A really long post about the supermarket. 

It’s almost midnight here, what a day!  Our internet access has been inconsistent because we haven’t arranged for internet service yet, but you can pay a few pounds for temporary internet access through local hot spots. I’m not exactly sure how it works but I begged Richard to get me connected to the world again! 

I have spent the last two days assembling furniture.  My knees are sore and my back aches and my forearms are weary.  But little by little our house is starting to feel comfortable.  It won’t really feel complete until all our belongings from the states get here.  (Probably in a couple weeks still.)  As a side note, when people ask where I am from I always say “The states.” And they look at me confused.  So I say “America” and they nod and say “Ohh. Okay.”  But I was once told that South Americans and Canadians resent it when Americans from the USA monopolize the term “American”.  But maybe that’s all hogwash.   (Side note to the side note- I’m sorry if my punctuation is bad tonight, or always.) 

Tonight I did two brave things.  I drove for the first time! And I went to grocery shopping and bought more than ten items for the first time.  It happened like this. 

The supermarket I went to is less than a mile from our house, and I would normally walk but it turns out when you move into a house with nothing there is a lot to buy.  Let’s face it, the Ramen-ish noodles from the Indian market could only go so far… I didn’t want to send Richard because I wanted to get what I wanted to get, and he couldn’t be trusted.  (Sorry babe, love ya.)  And because today was his first day of work, which meant my first day alone with the kids cooped up in this house with no toys and no t.v. all. day. long.  All of that to say that I was forced to drive.  

Aside from trying to get into the car on the left side (something I laughed at Richard for doing) and not knowing how to turn it on, the drive to the store went quite smoothly.  I need to write an entire post about the car but I’ll save that for later.  

We had discovered at a previous supermarket that you need to deposit a £1 coin to use a “trolley” (cart) but I wasn’t exactly sure how it worked and I didn’t have the right coin anyway so I went inside to inquire at customer service. (I’ve determined that to be successful here I need to be assertive and ask questions.)  The kind gentleman explained how to use it and offered to come out and assist me but I said I thought I could figure it out.  But apparently I couldn’t.  I put my coin in and removed the lock and pulled and pulled on the trolley.  I was about to go back in to find the kind gentleman, when a woman came to retrieve a trolley next to me.   I asked for her help and she gave my trolley a good hard tug and of course it came right out and I felt very embarrassed.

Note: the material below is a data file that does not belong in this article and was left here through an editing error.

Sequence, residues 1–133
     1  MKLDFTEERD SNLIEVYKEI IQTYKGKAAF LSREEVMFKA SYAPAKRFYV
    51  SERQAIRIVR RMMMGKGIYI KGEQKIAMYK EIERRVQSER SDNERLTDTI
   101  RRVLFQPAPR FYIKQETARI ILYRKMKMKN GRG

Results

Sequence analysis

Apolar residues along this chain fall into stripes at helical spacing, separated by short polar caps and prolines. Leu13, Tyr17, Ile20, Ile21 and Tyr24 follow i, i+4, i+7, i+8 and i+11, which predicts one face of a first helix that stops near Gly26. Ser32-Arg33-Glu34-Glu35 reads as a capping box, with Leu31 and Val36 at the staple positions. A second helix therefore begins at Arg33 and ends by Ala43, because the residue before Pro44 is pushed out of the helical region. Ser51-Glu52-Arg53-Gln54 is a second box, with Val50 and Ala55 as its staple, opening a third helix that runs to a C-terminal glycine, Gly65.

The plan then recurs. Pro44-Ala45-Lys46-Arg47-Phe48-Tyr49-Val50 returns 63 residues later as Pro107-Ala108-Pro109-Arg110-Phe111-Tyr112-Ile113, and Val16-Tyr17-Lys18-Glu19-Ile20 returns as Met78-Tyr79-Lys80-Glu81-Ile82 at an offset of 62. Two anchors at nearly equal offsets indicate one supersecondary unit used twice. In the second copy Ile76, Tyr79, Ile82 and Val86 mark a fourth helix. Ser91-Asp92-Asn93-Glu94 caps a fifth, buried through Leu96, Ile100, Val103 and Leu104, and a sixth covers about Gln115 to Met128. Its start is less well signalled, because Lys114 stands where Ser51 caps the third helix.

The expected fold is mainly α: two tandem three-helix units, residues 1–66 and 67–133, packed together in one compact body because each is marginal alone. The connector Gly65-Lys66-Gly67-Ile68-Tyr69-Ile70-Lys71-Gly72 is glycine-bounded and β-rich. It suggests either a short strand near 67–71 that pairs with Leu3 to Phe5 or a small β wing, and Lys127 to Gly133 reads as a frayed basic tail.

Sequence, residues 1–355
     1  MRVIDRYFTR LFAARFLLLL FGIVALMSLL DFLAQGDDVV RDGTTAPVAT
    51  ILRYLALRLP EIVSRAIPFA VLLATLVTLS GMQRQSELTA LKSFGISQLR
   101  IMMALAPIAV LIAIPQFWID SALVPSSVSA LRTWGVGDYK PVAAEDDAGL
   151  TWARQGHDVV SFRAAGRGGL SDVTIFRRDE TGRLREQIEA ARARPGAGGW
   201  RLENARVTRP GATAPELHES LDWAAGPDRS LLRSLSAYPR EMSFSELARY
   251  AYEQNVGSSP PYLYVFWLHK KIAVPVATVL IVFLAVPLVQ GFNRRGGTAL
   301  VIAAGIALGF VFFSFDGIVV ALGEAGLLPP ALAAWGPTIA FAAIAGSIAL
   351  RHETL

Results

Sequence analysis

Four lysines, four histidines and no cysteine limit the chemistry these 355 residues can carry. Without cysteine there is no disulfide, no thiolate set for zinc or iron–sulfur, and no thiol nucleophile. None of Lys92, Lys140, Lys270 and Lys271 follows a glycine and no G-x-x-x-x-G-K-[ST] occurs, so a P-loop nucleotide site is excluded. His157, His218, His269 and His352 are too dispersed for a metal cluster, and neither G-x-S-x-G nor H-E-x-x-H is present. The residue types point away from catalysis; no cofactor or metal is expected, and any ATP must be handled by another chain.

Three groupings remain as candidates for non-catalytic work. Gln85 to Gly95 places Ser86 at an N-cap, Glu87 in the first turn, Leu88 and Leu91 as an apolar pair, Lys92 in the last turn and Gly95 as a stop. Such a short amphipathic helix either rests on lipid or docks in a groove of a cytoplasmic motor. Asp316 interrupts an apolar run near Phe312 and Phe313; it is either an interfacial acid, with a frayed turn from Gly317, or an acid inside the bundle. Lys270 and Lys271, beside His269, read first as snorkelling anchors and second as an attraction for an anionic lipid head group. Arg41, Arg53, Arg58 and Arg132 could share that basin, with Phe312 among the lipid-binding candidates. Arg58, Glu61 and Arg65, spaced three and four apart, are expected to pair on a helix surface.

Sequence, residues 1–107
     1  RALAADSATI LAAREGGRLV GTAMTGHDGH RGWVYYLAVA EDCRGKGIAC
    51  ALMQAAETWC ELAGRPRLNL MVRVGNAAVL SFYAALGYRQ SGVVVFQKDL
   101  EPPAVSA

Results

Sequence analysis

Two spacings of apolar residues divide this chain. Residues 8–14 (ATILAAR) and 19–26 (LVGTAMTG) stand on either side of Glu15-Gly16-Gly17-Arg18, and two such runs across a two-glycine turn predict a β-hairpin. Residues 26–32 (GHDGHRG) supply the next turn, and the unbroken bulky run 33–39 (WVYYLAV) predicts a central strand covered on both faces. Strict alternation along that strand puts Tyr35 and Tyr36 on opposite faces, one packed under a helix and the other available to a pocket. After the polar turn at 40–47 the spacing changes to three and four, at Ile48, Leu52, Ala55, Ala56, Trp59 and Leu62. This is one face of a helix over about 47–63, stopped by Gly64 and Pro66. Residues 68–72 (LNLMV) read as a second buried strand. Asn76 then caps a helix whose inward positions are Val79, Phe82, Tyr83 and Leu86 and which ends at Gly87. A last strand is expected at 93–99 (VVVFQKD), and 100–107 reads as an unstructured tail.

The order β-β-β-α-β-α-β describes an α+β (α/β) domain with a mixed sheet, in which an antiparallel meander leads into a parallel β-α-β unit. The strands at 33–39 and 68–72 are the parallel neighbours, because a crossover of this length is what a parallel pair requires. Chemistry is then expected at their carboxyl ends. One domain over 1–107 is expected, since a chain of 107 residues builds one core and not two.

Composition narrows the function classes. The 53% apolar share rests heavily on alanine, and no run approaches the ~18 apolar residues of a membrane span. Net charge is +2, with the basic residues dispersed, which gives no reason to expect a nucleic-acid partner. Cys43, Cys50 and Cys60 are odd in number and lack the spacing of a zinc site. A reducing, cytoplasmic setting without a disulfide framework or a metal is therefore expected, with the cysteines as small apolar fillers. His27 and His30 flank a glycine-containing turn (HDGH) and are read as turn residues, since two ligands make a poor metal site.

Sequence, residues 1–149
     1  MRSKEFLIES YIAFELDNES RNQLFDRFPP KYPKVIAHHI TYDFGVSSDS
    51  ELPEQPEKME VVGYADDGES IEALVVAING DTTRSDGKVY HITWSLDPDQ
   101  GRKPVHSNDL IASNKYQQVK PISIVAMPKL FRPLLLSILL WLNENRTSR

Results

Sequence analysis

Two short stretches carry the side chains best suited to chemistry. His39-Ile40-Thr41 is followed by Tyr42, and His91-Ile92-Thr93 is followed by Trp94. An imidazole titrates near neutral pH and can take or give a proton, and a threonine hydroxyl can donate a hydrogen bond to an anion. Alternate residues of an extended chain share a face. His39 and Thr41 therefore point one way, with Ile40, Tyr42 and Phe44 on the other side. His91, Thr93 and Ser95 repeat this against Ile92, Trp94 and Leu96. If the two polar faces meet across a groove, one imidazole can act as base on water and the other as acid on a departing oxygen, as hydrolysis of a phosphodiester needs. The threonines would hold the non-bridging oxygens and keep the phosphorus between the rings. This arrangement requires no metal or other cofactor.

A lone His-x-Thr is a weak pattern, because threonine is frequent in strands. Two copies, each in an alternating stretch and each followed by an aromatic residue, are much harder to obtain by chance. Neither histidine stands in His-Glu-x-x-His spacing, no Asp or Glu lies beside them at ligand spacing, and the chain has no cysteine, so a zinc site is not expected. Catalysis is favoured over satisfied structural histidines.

The first half of my trip through the supermarket was so lovely.  I was having such a nice time (as moms often do) perusing the aisles in peace and quiet, AND I was seeing and selecting new things at every turn.   It was quite pleasant.  Until my trolley got full.  The carts here are much smaller than the carts in the U.S.  (Nearly everything is smaller here.)  All of the sudden I became extremely self-conscious about how much STUFF was in my cart and I felt very American.   My hypersensitivity increased as I went down the meat/poultry aisle and nothing resembled anything I’ve ever bought before in my life.  
You call THIS bacon? Wha?
By the time I made my way to the checkout line I was feeling very insecure.  Without even waiting for the person in front of me in line to finish her business I started explaining myself 
“I’ve just moved here and I have a large family and we have had nothing in our house and there are all these things I’ve discovered we needed and I have four kids and they love fruit and and and…”
The cashier was an older black man, missing quite a few teeth but he was so kind and gentle with me.  He just chatted me through it all, gave me some tips about shopping and asked me all about my kids.  (Best way to a mother’s heart!) Once everything was bagged and I was on my way, I was feeling relieved and brave again.   I loaded my groceries in the very small “boot” (trunk) of the car and went to return my trolley.  The coin is supposed to come back out after you lock up the trolley again but I couldn’t manage it so I left it behind for the next chap.  
The drive home did not go so well.  I needed to make a left turn but forgot that I was going to be turning into the left lane and didn’t give myself enough space so I missed the turn entirely.  Which meant I had to go through a roundabout which had me moderately stressed out for three seconds and then I was fine until I pulled up in front of our house and called Richard and asked him to come outside and park the car.  
And that is my really long post about going to the supermarket.  

3 thoughts on “A really long post about the supermarket. 

  1. Can I please ask that you continue blogging this often and with all the details for the next two years. I love reading your posts and hearing about your adventures and otherwise. Good quality reading material!


  2. Oh I loved this. I just can relate so well (I mean, well enough, obviously I’m missing two kids and am still in America!) but if all things were equal, I can imagine I would just have the same experience, same feelings and definitely same call at the end to have Bryan park the car!! Way to go!


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